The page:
Review: Alfa Romeo MiTo Multiair
Could Alfa’s MultiAir technology do for petrol engines what common-rail injection did for diesel? Steve Walker takes a look at the MiTo MultiAir.
Published 12/11/2009 | 15:26
Beating the MINI is a thankless task but it’s also the one that’s been handed to the Alfa Romeo MiTo.
Alfa’s effort has the design flair and the desirability and now it’s got a further weapon up its sleeve in the shape of the MultiAir petrol engines. Their advanced technologies vary the combustion process to optimise economy and performance according to the driving conditions. The results are impressive, particularly in the more powerful turbocharged models.
Many people would associate Alfa Romeo with beautiful and charismatic cars but would you have the Italian manufacturer down as a leading innovator of groundbreaking engine technologies? Probably not, but that is doing Alfa a major disservice.
Not a lot of people know this but the common-rail injection technology that has been crucial in driving the improvement in diesel engines over the last decade first appeared in the Alfa Romeo 156, having been developed within the Fiat Group. Now Alfa claims to be at it again with the 1.4-litre MultiAir petrol engines fitted to its MiTo.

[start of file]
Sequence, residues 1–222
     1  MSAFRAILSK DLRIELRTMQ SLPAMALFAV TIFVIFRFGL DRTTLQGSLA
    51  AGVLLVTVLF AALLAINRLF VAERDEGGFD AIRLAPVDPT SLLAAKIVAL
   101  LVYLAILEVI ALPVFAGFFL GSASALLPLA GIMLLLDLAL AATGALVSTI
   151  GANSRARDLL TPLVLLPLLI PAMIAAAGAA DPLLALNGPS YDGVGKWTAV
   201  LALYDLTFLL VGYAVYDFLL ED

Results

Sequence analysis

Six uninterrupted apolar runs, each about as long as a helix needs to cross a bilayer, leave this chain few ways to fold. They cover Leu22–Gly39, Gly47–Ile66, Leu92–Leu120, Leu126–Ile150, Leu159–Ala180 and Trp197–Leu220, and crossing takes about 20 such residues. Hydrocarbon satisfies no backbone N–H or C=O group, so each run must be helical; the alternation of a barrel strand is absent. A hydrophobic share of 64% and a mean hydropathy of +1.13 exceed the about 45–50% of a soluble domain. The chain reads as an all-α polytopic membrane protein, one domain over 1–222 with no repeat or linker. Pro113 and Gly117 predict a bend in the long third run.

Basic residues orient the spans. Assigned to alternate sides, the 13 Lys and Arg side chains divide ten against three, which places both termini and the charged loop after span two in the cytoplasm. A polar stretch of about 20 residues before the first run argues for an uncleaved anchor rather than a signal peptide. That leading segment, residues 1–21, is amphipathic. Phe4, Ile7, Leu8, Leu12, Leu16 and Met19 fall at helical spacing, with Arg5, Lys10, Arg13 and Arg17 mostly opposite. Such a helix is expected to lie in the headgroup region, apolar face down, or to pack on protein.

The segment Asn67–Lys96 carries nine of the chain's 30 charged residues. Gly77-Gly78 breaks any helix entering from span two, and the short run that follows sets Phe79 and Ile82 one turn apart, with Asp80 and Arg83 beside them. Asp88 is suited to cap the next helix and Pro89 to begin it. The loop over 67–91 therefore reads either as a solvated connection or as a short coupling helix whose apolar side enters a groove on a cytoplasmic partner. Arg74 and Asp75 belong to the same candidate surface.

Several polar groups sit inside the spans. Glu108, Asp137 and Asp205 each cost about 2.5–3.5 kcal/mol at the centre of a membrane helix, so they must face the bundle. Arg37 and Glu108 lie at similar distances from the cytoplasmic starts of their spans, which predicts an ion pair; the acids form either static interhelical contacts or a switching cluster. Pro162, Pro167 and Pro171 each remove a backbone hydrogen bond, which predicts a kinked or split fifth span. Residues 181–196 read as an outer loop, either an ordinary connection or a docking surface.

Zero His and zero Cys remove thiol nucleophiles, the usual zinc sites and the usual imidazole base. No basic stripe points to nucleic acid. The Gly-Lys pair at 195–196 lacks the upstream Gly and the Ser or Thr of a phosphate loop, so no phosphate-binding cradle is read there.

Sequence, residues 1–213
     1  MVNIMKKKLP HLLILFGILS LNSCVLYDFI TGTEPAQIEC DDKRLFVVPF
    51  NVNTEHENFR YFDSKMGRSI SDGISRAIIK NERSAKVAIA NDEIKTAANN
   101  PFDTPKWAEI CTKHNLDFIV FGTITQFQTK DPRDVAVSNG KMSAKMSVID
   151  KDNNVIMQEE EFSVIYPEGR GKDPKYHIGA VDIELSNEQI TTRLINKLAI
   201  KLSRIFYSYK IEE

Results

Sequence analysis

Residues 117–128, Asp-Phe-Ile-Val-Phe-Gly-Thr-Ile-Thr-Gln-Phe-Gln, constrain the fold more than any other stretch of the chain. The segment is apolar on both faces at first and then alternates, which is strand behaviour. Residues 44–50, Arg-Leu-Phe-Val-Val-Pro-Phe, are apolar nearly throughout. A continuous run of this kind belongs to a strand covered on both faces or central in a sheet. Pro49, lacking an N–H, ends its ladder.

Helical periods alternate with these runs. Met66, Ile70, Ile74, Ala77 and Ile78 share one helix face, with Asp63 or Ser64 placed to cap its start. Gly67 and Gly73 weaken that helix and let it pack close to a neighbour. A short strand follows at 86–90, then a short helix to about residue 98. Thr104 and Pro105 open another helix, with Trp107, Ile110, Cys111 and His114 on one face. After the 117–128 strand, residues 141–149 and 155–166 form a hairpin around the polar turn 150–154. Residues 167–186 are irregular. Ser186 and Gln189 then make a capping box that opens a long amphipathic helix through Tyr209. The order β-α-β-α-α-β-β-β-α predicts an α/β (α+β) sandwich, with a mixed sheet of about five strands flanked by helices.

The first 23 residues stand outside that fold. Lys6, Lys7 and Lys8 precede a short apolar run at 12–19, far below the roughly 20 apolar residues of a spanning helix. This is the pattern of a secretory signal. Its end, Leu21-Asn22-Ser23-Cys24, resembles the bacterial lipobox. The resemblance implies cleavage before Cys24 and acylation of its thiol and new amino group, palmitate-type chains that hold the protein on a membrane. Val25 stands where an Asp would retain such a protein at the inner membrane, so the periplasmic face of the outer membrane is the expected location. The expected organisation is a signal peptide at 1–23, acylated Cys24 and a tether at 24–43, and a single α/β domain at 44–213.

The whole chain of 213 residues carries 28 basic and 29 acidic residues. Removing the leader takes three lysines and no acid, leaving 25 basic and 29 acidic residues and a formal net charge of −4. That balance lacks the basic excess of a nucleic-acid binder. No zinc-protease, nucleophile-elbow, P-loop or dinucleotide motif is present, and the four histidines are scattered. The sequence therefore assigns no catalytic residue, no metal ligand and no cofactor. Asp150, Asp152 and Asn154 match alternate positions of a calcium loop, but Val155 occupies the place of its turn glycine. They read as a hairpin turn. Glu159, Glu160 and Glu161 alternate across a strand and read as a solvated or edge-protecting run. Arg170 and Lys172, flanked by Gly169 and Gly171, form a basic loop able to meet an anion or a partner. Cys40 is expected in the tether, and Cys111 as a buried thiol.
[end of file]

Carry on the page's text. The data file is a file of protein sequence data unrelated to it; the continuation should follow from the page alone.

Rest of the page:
Engine efficiency has never been more important, with the desire for cleaner, greener cars that return lower running costs transcending market sectors. Any manufacturer that can leverage an advantage over its rivals can expect a corresponding upturn in sales but it’s in the small car markets where a stand-out combined economy figure or a super-low CO2 emissions rating has the biggest money-spinning potential. Alfa will be hoping to cash in on its MultiAir technology and it has the perfect vehicle to do so in its stylish MiTo.
The end results of the MultiAir technology are going to be of more interest to customers than the mysterious means by which they are achieved but it is worth noting that the 1.4-litre engines fitted to the MiTo differ from the norm in key ways. They make do with just one camshaft. It controls the exhaust valves, with the inlet valves governed by oil pressure. An electro-hydraulic valve management system can then adjust the timing of the valves to vary the parameters of the combustion process according to the way the car is being driven.
"The MultiAir technology found in the MiTo’s crop of 1.4-litre petrol engines has the potential to prove highly significant"
Conventional variable valve timing engines only have a couple of sets of parameters but MultiAir units have six and the valve timings can be infinitely varied within this framework either to give optimum performance or economy. There are three MultiAir engines available in the MiTo. The line-up opens with the 105bhp normally-aspirated unit, then there are the lustier turbocharged options, one with 135bhp and a 170bhp range-topper.